A confident music and technology group offered $10,000 to anyone who could hack into their copyright protection technologies – and lost out twice over.
Founding members of the Secure Digital Music Initiative (SDMI) include Universal Music, BMG, Sony Music, Warner Music Group, and EMI Music. They have launched a crusade against digital piracy – but refused to identify the hackers who won the contest.
The competition caused embarrassment for the SDMI when researchers from Princeton and Rice universities and the Xerox Palo Alto research centers claimed to have defeated four of the five watermarking technologies. The technologies that withstood the challenge included both watermark and non-watermark solutions.
The group received 447 submissions in the first round, in October, and a second round determine if submissions were repeatable on music or not. They said they had learned important lessons about what could work in the marketplace.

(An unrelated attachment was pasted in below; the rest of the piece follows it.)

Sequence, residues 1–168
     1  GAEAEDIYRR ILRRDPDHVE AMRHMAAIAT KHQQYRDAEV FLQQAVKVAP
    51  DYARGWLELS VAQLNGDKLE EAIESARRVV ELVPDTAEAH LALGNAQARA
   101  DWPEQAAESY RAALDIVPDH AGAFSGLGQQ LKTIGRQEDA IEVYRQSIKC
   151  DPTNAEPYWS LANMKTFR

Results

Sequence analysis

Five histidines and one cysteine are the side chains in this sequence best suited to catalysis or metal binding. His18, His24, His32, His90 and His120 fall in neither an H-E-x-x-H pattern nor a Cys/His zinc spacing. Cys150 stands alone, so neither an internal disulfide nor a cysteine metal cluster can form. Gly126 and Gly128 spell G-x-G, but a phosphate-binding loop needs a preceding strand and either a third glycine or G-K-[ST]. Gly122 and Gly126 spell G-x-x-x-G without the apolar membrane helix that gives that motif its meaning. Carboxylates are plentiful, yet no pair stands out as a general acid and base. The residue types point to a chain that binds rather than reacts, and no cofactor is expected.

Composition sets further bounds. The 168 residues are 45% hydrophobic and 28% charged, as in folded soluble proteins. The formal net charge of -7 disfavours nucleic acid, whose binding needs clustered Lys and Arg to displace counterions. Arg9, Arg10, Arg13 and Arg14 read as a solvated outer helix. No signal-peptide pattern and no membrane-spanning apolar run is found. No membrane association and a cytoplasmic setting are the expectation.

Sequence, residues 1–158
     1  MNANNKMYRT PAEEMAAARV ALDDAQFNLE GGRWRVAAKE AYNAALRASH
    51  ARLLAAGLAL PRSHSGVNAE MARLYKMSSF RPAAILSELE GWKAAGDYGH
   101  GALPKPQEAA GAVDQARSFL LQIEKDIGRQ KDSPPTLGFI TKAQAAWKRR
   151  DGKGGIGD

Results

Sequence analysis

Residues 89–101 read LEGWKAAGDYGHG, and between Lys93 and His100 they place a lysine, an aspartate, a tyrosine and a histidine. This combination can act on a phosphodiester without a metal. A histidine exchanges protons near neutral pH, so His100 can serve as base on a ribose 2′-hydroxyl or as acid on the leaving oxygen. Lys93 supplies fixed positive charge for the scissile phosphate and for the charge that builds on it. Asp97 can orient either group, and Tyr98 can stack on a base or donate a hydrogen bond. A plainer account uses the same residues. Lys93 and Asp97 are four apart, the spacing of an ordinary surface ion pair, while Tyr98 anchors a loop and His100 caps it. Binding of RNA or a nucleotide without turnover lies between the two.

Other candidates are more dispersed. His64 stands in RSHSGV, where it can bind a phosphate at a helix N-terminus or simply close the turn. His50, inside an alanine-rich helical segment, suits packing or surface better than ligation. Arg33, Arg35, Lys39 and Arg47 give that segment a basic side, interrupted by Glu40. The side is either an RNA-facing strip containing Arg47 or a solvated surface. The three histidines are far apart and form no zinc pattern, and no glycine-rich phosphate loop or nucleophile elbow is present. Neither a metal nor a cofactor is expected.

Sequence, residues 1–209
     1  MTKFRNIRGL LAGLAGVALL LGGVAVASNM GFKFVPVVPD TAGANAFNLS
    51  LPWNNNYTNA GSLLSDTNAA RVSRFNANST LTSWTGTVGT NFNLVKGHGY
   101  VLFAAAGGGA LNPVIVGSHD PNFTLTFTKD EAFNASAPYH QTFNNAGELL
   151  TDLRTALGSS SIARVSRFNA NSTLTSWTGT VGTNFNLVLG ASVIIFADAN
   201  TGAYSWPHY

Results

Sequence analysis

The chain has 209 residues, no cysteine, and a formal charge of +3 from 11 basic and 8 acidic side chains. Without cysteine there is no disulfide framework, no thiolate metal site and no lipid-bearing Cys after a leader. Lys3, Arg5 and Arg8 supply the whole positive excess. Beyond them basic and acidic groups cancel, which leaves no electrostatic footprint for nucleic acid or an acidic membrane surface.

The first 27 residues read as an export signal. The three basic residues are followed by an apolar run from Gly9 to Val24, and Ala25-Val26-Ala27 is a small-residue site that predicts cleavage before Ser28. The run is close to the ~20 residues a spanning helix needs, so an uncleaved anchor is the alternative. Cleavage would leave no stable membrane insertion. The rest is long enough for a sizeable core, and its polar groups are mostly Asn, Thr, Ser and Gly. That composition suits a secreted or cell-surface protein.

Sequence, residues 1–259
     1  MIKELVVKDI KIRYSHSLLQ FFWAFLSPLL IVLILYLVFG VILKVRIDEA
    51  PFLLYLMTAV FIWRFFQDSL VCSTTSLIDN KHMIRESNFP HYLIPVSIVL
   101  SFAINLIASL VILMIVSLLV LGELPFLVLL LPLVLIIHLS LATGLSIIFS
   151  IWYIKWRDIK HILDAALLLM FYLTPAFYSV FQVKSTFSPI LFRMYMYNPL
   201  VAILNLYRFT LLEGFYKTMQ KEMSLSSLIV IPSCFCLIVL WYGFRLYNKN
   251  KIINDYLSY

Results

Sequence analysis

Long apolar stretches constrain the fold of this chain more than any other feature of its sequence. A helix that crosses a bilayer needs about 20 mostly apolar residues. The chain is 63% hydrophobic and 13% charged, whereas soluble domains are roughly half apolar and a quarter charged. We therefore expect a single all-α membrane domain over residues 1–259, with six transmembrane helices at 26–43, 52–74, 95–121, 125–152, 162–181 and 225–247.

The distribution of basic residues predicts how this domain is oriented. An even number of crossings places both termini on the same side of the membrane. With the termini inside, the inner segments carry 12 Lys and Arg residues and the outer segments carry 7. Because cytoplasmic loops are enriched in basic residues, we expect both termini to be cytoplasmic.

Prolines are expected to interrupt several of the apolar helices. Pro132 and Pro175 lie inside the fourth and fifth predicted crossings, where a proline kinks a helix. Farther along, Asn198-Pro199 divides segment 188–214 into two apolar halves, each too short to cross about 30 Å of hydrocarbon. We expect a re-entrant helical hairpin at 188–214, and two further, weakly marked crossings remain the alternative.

Edward Felten, a faculty member of Princeton and one of the researchers who claimed to have compromised the technology, said his group’s entries were not considered in the final round of the contest, although their claims had not been refuted.
Felten said his group did not believe the second round was fair because SDMI provided much less information than would normally be available to real hackers. SDMI wanted them to operate in a vacuum without access to the technology, he said.
Bertelsmann last week announced an alliance with Napster, in an effort transform the company into a paid service.